George Wood (New Zealand politician)
|4th Mayor of North Shore|
|Preceded by||George Gair|
|Succeeded by||Andrew Williams|
|Born||5 August 1946
George Sydney Wood, CNZM, (born 5 August 1946 in Birkenhead, New Zealand) is a former Mayor of North Shore City, New Zealand’s fourth largest city. He was the first North Shore Mayor to be elected for a third term since the city was formed in 1989. Andrew Williams replaced him as Mayor in the 2007 New Zealand local body elections.
Wood was appointed a Companion of the New Zealand Order of Merit (CNZM) for services to local body affairs in the New Year Honours 2008. He was elected to the new Auckland (SuperCity) council in the October 2010 election as a North Shore ward councillor.
George is a member of the Citizens and Ratepayers team on the Auckland Council. He has been appointed to a number of committees and is chairman of the Community Safety Forum and deputy chairman of the Accountability and Performance and Emergency Management committees.
Wood was born in Birkenhead of the North Shore, in Auckland. He was educated at Birkdale Primary, Northcote Intermediate and Northcote College. Wood has been married to Myra Wood for 38 years.} He has three adult children and five grandchildren. Wood lives in Forrest Hill, on the Shore, is a keen supporter of North Harbour sports teams, enjoys spending time with his family and helping community groups. He is also a full-time member of the Takapuna Rotary club. In the 2009/10 Rotary year he is the club's president. His father Oliver Wood operated a trucking business. Wood senior was also a councillor on the Birkenhead Borough Council between 1959 and 1968, serving as the deputy mayor.
Wood originally worked for the New Zealand Police, primarily as a crime investigations manager. As a Police investigator, he worked on many inquiries and served at various times in Auckland, Rotorua and Palmerston North. In his final years of service (1995–98), he was the manager of Police services within North Shore City.
A graduate of the Royal New Zealand Air Force Command and Staff College and the Australian Institute of Police Management Sydney from where he gained a Graduate Certificate in Applied Management.
He is the recipient of a New Zealand Police long service and good conduct medal awarded in 1980.
Mayor of North Shore City
In October 1998 Wood was elected mayor of North Shore City following a fiercely contested election. Wood was able to bring together a new style of council administration with only three standing committees and all councillors members of these committees.
During his term as mayor Wood was most successful in melding the council together and pushed through major reforms in relation to: Sewerage (waste water) infrastructure improvements, revamping the strategic plan and long term funding programme for North Shore City and developing and building the Northern Busway Project.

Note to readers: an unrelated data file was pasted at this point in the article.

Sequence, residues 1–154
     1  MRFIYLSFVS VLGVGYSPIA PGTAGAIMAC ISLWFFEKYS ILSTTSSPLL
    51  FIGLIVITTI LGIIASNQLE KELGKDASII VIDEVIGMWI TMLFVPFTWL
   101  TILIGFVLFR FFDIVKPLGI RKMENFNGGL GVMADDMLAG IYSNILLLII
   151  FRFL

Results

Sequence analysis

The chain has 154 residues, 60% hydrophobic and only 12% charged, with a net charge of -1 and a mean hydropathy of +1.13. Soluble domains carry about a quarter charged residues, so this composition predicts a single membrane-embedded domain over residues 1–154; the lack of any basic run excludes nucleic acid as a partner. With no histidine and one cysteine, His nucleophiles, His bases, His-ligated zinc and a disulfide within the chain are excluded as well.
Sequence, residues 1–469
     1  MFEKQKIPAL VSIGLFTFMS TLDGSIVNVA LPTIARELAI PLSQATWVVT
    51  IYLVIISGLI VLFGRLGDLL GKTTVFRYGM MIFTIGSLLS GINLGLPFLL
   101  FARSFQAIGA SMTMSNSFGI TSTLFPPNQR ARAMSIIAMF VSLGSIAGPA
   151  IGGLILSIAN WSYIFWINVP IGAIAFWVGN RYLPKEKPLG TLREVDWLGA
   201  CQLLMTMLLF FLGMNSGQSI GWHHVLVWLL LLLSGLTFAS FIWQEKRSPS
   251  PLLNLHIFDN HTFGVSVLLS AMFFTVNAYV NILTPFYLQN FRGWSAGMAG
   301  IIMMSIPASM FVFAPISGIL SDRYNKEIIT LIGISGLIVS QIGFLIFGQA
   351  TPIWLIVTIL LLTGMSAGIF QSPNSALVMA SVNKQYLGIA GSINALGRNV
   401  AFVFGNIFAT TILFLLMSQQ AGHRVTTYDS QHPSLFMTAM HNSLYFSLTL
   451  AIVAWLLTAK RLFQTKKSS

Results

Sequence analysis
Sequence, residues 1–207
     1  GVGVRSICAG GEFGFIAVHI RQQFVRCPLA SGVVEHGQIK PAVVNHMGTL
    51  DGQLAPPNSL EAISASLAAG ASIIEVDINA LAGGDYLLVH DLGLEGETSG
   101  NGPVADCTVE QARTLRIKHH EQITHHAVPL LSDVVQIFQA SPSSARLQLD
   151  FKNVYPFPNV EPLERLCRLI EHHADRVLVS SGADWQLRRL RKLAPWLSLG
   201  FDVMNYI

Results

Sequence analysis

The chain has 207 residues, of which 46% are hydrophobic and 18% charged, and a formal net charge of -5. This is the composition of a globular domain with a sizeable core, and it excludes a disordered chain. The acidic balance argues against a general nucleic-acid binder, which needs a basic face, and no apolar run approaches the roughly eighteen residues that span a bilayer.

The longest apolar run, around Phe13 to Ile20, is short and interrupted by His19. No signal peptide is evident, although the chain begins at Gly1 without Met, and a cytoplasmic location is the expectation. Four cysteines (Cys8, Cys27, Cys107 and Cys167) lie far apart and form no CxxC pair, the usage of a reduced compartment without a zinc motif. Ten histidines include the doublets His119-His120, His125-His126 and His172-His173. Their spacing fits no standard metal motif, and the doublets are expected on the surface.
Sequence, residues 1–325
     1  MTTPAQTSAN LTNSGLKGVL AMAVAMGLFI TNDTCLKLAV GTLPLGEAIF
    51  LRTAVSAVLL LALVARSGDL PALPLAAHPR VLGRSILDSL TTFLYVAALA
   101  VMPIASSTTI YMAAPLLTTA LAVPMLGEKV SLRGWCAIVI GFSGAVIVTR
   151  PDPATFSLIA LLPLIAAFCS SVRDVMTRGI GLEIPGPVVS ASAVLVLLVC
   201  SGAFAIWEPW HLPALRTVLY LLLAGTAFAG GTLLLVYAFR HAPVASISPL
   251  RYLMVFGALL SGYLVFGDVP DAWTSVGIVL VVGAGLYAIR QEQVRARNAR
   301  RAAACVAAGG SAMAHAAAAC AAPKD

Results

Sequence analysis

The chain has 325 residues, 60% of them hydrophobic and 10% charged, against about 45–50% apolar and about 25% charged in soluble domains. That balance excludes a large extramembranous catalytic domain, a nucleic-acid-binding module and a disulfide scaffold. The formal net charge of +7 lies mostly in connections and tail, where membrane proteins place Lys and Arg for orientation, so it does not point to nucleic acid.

Wood stood as an independent mayoralty candidate in the 2007 North Shore City elections but was defeated by Andrew Williams.
In the period since the October 2007 election Wood has worked behind the scenes on a number of projects mainly relating to transport. He is particularly vocal over the need to upgrade or replace the Auckland Harbour Bridge. Wood has also strongly urged the improvement of public transport across the Auckland region whilst at the same time warning about the huge escalation in operational costs. He has also commented widely on the matter of whether the new Auckland mayor will be able to control the proposed Auckland Transport Agency under the new proposed model.
Election to 1st Auckland Council
George joined the Citizens and Ratepayers Association (C&R) and was elected to the new Auckland Council to represent the North Shore ward. He topped the poll for this ward election in a tight field of established candidates. Since the election he has been involved in speaking out to ensure that rates for property owners are kept under control. He voiced disappointment in not getting a lead position, especially in the transport area.
In his inaugural speech to the Auckland Council George Wood made particular reference to the need to address the recommendations of the Royal Commission report. He made a strong plea to the new council to become actively involved in pursuing improved social conditions and try to ensure that less young people end up in prison.
In April 2007, Wood acceded to pressure from Chinese officials not to attend an international cultural show by Divine Performing Arts, which contained scenes depicting the oppression of people who practice the Falun Gong spiritual system.
Wood was planning to attend the show with his wife, but after a phone call from the Chinese Consular General's office he backed out, and was quoted as saying: